Top Five Labor Law Developments for December 2022
- The National Labor Relations Board expanded its authority to include awarding consequential damages in unfair labor practice cases. Thryv, Inc., 372 NLRB No. 22 (Dec. 13, 2022). Monetary remedies for violations of the National Labor Relations Act have generally been limited to “make whole” relief, specifically restoring an employee’s actual lost wages caused by an employer’s or union’s unfair labor practices (ULP). The Board can now order employers that violate the Act to compensate affected employees for all direct or foreseeable damages resulting from such ULPs. The decision broadens the traditional make-whole relief available to workers and can include “out-of-pocket medical expenses, credit card debt, or other costs simply in order to make ends meet.” Aggrieved employees will still need to show evidence substantiating purported consequential damages.
- The Board reinstated its “overwhelming” community of interest standard for determining an appropriate bargaining unit in union elections. American Steel, 372 NLRB No. 23 (Dec. 14, 2022). The Board ruled that if a union petitions to represent a group of employees, and the employer asserts the unit should include additional employees, it will not find the petitioned-for unit inappropriate unless the employer shows the excluded employees share an “overwhelming” community of interest with the petitioned-for unit. Under the Trump Board, an employer merely needed to show the petitioned-for unit shared a community of interest with the employees it sought to add. The new standard provides unions with a greater advantage in elections, making it easier to carve out smaller groups — often called “micro-units” — to exclude employees inclined to vote against union representation.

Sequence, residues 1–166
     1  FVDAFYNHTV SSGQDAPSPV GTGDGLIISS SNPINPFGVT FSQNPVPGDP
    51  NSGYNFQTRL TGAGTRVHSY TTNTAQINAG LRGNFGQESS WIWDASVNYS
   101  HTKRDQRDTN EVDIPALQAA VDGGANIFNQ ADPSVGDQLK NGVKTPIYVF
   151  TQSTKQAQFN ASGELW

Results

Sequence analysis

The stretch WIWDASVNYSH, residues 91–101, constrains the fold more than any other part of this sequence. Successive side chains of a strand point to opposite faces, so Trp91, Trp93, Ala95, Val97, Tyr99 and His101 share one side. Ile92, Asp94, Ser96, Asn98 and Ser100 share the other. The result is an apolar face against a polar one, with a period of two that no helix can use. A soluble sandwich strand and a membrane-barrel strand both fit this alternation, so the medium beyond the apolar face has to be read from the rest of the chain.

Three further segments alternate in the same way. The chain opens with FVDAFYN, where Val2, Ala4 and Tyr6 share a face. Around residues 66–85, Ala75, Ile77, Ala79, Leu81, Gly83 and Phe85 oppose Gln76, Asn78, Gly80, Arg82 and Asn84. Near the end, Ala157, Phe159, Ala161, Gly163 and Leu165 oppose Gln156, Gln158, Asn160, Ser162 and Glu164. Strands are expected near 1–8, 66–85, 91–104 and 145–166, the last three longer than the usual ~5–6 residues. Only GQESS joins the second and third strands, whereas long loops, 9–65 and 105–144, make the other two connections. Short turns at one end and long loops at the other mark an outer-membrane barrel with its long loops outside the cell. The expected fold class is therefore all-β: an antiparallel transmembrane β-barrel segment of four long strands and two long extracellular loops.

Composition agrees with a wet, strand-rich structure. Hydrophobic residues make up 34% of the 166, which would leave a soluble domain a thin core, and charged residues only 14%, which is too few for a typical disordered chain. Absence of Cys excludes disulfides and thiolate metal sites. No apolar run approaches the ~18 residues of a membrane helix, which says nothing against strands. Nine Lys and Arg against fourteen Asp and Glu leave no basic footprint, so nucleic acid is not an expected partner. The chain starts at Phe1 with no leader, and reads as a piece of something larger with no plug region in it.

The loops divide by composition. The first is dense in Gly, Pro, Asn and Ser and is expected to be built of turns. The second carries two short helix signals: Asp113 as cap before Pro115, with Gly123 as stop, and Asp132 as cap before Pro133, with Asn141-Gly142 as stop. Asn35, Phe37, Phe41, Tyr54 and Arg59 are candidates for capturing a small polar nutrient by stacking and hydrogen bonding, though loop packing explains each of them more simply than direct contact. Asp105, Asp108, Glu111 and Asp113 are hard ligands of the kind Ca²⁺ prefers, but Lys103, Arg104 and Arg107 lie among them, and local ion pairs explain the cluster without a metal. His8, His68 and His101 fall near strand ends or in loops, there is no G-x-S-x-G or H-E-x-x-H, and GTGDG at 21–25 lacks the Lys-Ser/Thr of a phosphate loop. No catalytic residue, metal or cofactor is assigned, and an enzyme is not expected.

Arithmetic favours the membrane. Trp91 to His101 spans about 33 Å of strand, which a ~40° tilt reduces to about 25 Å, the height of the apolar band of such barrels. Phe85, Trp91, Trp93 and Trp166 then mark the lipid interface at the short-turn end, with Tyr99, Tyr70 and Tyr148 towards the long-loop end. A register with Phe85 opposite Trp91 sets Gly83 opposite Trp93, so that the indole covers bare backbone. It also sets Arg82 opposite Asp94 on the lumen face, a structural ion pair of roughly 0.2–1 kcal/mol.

- The Board’s Division of Advice issued a memorandum seeking to provide workers expanded access to company email in the post-COVID-19 workplace. Northstar Insurance Advisors, LLC, No. 14-CA-285828 (Nov. 30, 2022). The memorandum recommended issuing a complaint and use the case to overturn a Trump Board decision giving employers broad authority to limit employee communications on company information technology (IT) systems. Currently, employers can restrict the non-business use of IT resources absent proof of discrimination or that employees would “otherwise be deprived of any reasonable means of communicating with each other.” The memorandum requests the Board reinstate its previous standard that restricted employers from prohibiting employees’ use of email and other communications during non-work time absent a showing of special circumstances justifying the restrictions. The memorandum comes in the post-pandemic era, in which many employees continue to work remotely and rely on employer-owned technology to communicate with one another.
- The Board reaffirmed the cautionary actions employers must take before interviewing employees about protected concerted activity while preparing for a ULP case. Sunbelt Rentals, Inc., 372 NLRB 24 (Dec. 15, 2022). The standard stems from Johnnie’s Poultry, 146 NLRB 770 (1964), enforcement denied, 344 F.2d 617 (8th Cir. 1965), wherein the Board required employers take certain steps prior to questioning employees in ULP cases, specifically obtaining voluntary participation from the employee, explaining the purpose of the questioning, and assuring no reprisal will occur. The questioning also cannot be coercive. While the Board acknowledged that some courts declined to apply this approach and instead applied a totality-of-the-circumstances test, the Board reasoned that its standard balances allowing effective employer preparation for Board hearings with protecting employees from coercion or retaliation.
- Congress passed a new spending bill that includes a $25 million increase to the Board’s budget. Both the Board and unions have pushed for a budget increase in recent years, with the Board warning of possible furloughs without more funds to keep up with operations. The budget increase addresses expanded organizing activity in the past two years corresponding with decreased staffing. Some business groups, including the U.S. Chamber of Commerce, opposed the bill, citing decreased representation petitions and ULP complaints and an overall decline in case numbers over the last 20 years. The Board’s total budget now will exceed $299 million.